Updated: Mar 8, 2021
When it comes to speaking and presenting, the best content often comes from small talk.
Most of the time, idle chatter about sports, weather, traffic serves as conversational filler. But savvy entertainers know there's a lot of interest in pedestrian topics, especially if you stage it well when pitching or doing presentations.
Talk show host, Regis Philbin, who passed away last August, excelled at making big things of life's the little indignities.
Every day for 33 years, Regis used the first 20 minutes of the Live morning show to riff on the horrible traffic, the Mets, those damned computers, visits from your mother-in-law and the kids bringing home stray cats.
He knew that viewers related to the little things. Between Live and Who Wants to Be a Millionaire, Philbin logged a stunning 17,000 hours in front of TV cameras--a Guinness World Record.
Philbin's conversational approach to presentations worked in other modalities, as well. He was David Letterman's most frequent guest. It seemed that everyone loved Regis Philbin's version of small talk. Denzel loves the little things, too The new Denzel Washington movie is titled, The Little Things.
It's about a law enforcement official who's trying to catch a bad guy by paying attention to details. Same basic concept.
Aim small, miss small
Here's how to improve your speaking style just by paying proper tribute to the small stuff. You can do this when creating content, chatting up your audience before your talk and by watching the audience as you present. When creating content, be on the lookout for topical issues or entertaining anecdotes. Ideas include:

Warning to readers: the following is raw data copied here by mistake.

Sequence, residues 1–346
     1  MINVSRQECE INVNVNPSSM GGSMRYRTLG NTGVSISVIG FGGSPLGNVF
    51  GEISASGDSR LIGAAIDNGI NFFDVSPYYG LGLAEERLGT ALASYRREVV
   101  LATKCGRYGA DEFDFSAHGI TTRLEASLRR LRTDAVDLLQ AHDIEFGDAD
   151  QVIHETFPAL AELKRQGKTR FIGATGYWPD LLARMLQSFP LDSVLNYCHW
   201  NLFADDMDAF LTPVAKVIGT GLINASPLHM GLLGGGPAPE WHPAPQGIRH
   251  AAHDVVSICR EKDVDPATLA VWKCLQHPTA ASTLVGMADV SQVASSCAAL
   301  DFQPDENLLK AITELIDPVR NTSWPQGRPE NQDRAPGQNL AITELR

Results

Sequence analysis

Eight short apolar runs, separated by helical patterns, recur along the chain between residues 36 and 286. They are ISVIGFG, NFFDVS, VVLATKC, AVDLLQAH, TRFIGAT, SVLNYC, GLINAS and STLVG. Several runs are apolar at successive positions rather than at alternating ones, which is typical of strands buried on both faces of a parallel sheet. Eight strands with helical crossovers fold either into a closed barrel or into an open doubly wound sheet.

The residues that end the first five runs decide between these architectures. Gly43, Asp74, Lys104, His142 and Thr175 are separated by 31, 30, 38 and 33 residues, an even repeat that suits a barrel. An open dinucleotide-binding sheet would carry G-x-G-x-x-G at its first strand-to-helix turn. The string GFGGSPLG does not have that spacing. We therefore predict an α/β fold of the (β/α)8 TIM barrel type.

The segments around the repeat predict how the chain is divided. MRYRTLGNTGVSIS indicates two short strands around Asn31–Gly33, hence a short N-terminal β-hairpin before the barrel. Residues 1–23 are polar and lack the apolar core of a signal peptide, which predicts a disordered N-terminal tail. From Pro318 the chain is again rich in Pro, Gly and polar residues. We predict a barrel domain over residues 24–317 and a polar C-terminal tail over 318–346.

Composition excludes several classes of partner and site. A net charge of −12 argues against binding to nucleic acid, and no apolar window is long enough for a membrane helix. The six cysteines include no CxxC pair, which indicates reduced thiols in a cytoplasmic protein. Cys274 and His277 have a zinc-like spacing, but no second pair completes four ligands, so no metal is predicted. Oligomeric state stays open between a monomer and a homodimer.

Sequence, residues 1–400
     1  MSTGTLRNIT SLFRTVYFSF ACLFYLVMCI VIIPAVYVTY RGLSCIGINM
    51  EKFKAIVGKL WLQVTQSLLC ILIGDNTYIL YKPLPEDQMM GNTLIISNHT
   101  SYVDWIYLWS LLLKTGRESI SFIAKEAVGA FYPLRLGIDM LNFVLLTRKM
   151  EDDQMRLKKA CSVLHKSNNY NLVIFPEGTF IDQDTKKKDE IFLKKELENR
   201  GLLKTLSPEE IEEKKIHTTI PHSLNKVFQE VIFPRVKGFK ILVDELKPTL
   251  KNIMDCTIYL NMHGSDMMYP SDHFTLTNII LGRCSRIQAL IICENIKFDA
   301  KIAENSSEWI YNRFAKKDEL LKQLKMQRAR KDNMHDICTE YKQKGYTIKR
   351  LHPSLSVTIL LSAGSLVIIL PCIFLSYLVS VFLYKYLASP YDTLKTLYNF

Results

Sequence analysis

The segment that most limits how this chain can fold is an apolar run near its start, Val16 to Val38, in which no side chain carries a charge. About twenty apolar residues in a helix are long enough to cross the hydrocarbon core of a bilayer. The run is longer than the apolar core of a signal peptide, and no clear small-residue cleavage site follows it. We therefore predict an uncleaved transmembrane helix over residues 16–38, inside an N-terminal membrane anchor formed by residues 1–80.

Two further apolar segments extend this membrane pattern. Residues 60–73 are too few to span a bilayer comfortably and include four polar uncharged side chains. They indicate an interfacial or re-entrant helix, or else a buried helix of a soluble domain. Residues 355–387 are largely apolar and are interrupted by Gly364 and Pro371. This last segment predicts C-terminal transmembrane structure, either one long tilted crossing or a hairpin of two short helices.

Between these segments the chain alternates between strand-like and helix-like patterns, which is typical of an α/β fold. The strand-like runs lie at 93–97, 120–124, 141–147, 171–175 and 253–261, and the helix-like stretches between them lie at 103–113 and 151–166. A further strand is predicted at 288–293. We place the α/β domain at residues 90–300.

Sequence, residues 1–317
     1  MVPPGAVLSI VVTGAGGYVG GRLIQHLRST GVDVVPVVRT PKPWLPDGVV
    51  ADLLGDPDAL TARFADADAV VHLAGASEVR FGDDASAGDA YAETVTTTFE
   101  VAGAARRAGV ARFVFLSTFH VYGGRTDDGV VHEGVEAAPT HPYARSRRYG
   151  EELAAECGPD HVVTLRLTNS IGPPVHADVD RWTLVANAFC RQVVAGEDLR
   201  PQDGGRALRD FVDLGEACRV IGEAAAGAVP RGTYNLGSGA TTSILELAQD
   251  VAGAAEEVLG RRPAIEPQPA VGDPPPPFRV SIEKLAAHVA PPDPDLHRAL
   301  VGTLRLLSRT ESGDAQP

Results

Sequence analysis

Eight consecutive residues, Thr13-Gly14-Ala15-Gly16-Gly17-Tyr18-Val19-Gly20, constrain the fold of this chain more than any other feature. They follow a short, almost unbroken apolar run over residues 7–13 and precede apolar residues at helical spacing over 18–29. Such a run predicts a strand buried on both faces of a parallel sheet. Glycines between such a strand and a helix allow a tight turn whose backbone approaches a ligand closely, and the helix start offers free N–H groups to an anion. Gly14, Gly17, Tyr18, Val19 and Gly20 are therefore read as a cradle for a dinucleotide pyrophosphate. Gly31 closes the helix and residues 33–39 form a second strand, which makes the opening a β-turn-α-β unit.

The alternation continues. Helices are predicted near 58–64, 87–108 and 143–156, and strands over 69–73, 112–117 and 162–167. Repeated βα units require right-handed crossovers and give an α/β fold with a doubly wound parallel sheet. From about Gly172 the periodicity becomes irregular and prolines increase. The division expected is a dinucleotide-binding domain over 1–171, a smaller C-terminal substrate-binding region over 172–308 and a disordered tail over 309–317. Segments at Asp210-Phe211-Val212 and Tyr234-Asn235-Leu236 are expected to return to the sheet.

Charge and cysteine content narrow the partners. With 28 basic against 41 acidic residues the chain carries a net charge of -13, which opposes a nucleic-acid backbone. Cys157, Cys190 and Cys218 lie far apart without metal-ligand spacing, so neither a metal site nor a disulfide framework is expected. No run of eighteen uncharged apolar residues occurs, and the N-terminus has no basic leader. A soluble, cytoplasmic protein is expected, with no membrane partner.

- What's trending on Twitter
- Non-agitating news items
- Funny bits from late night talk show hosts (always provide attribution)
You can glean conversational bits before your talk by mingling with your audience during coffee breaks and meals: - Ask people what brings them to the program
- Try to find out what happened the last time the group got together - Pay attention to themes
Finally, watch the audience as you speak to them. Be on the lookout for: - Informed people who can contribute to the session
- Puzzled expressions that trigger useful "sidebars"
- Signals that you should slow things down -- or speed things up Watch how I use the titles of two popular chess movies (The Queen's Gambit and Pawn Sacrifice) and a common board game to fashion a leadership lesson on a video for my YouTube channel. (Thanks in advance for clicking that silver bell and subscribing to be notified of new content.)
Good luck and keep me posted on how it goes!